Claudia Sheinbaum
Former Mexico City mayor and presidential hopeful Claudia Sheinbaum waves to supporters. AFP

Mexico appears likely to take a step closer to choosing its first woman president when the ruling party announces its candidate Wednesday for next year's election.

Former Mexico City mayor Claudia Sheinbaum, a 61-year-old scientist by training, is seen as the favorite to represent President Andres Manuel Lopez Obrador's Morena party in the June 2024 vote.

The ruling party candidate will face Xochitl Galvez, an outspoken businesswoman and senator with Indigenous roots selected to represent the Broad Front for Mexico opposition coalition.

A survey published Tuesday by newspaper El Financiero showed Sheinbaum with 40 percent support, against 28 percent for her main internal rival, ex-foreign minister Marcelo Ebrard, the daily said.

Sheinbaum and Ebrard are both close allies of Lopez Obrador, a leftwing populist who enjoys an approval rating of more than 60 percent but is required by the constitution to leave office after a single six-year term.

If Sheinbaum wins the opposition nomination, it would significantly increase the chances of a woman leading Latin America's second-largest economy for the first time.

Both Morena and the opposition bloc opted to use public opinion polling to pick their nominees.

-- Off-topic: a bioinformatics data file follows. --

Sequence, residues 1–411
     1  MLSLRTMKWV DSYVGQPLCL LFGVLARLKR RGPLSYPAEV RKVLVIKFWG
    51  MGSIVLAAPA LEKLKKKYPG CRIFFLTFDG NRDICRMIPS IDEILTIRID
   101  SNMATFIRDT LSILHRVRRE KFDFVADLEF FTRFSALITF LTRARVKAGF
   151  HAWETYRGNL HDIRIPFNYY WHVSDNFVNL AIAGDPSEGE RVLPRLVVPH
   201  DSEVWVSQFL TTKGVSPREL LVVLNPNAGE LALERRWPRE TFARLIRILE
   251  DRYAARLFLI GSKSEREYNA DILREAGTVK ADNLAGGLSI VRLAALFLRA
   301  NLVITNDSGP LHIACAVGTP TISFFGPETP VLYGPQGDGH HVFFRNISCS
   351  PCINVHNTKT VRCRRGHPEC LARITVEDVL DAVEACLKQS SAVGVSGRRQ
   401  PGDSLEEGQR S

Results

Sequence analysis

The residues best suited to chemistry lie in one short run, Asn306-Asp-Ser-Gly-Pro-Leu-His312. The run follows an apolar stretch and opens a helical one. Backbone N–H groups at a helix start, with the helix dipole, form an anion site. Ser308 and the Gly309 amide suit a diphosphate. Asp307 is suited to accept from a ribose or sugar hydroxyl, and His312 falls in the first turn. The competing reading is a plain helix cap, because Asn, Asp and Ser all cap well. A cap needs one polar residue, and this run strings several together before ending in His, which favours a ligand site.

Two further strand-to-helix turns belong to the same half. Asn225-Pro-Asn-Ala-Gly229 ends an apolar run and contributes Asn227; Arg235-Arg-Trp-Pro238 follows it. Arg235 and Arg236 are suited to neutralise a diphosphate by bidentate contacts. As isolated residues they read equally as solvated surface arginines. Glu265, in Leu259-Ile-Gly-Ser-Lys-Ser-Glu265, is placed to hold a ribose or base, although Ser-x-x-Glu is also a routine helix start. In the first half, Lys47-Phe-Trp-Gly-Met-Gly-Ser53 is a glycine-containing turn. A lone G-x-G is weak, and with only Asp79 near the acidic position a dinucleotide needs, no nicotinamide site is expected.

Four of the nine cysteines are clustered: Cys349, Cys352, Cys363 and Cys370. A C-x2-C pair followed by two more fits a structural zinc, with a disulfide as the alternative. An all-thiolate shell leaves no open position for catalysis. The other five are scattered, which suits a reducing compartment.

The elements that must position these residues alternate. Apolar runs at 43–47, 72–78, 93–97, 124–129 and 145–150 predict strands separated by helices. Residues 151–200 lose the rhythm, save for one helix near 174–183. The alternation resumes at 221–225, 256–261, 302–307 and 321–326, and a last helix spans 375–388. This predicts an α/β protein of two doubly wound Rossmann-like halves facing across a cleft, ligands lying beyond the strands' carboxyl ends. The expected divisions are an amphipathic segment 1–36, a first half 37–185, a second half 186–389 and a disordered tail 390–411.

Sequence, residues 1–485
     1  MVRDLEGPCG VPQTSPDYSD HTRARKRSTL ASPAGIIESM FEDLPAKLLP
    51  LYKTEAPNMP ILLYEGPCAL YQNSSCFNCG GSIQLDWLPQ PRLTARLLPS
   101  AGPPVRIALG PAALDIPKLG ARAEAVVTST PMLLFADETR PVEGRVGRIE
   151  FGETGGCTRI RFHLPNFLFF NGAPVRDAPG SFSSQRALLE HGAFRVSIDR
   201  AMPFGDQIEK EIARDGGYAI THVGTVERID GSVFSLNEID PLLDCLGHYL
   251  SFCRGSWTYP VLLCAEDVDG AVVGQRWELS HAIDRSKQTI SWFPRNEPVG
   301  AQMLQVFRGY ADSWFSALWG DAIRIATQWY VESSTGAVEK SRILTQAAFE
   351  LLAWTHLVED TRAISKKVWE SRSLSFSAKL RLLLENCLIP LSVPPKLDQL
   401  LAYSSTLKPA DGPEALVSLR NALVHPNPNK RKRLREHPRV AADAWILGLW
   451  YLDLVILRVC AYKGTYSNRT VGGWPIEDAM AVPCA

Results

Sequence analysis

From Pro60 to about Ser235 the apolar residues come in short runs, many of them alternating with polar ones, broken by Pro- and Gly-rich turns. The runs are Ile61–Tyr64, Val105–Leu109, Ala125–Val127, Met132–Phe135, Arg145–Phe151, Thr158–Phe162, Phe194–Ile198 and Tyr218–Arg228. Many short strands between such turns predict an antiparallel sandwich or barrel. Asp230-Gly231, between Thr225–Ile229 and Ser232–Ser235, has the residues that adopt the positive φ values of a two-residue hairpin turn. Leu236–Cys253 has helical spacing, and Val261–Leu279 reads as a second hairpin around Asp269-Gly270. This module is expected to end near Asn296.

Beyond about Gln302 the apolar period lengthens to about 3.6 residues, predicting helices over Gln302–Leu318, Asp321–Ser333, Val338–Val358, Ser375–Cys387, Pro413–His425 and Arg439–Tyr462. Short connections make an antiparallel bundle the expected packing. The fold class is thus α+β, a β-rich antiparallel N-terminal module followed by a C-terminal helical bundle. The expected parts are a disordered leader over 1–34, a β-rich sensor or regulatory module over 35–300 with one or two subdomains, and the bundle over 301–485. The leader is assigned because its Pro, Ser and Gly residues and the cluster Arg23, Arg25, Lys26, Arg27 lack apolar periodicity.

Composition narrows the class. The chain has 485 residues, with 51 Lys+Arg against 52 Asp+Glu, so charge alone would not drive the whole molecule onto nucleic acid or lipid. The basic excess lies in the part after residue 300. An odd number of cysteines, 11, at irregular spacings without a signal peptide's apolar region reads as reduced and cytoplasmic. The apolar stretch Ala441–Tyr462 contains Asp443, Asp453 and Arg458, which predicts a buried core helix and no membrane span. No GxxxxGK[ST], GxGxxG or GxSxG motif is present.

Ebrard wrote on social media Monday that he was "very concerned" about Morena's polling process, saying he would review what he called "incidents and problems."

Sheinbaum, the granddaughter of Bulgarian and Lithuanian Jewish migrants, is known for her reserved, cautious style and has vowed to continue Lopez Obrador's policy agenda.

Like the incumbent president, she portrays herself as a defender of the poor, including Indigenous communities.

The entry of Galvez -- born to an Indigenous Otomi father and mixed-race mother -- has shaken up the presidential race.

Her first name means "flower" in the Nahuatl Indigenous language, and her background sets her apart from the traditional conservative opposition.

She wears Indigenous clothing, uses colloquial language peppered with swear words and is known for traveling around Mexico City by bicycle.

The opposition coalition is made up of the Institutional Revolutionary Party -- which ruled the country for more than 70 years until 2000 -- the conservative National Action Party and the leftist Party of the Democratic Revolution.

Galvez, a 60-year-old computer engineer, has criticized Lopez Obrador's security strategy and said that "ovaries are needed" to confront organized crime.

Sheinbaum in contrast "wants to continue doing the same" as Lopez Obrador, Galvez said in an interview with AFP on Monday, pledging a new approach.

"I don't want to keep betting on fossil fuels. I don't want to keep betting on the militarization of the country. I don't want to keep betting on a collapsed health system," she said.

"With me, there will be no going back on the rights won by both the LGBTQ community and women," Galvez vowed.

But she faces an uphill battle given the popularity of Morena.

In a survey published on August 28 by the Reforma newspaper, 46 percent of respondents said they would vote for Sheinbaum in a two-way contest, compared with 31 percent for Galvez.

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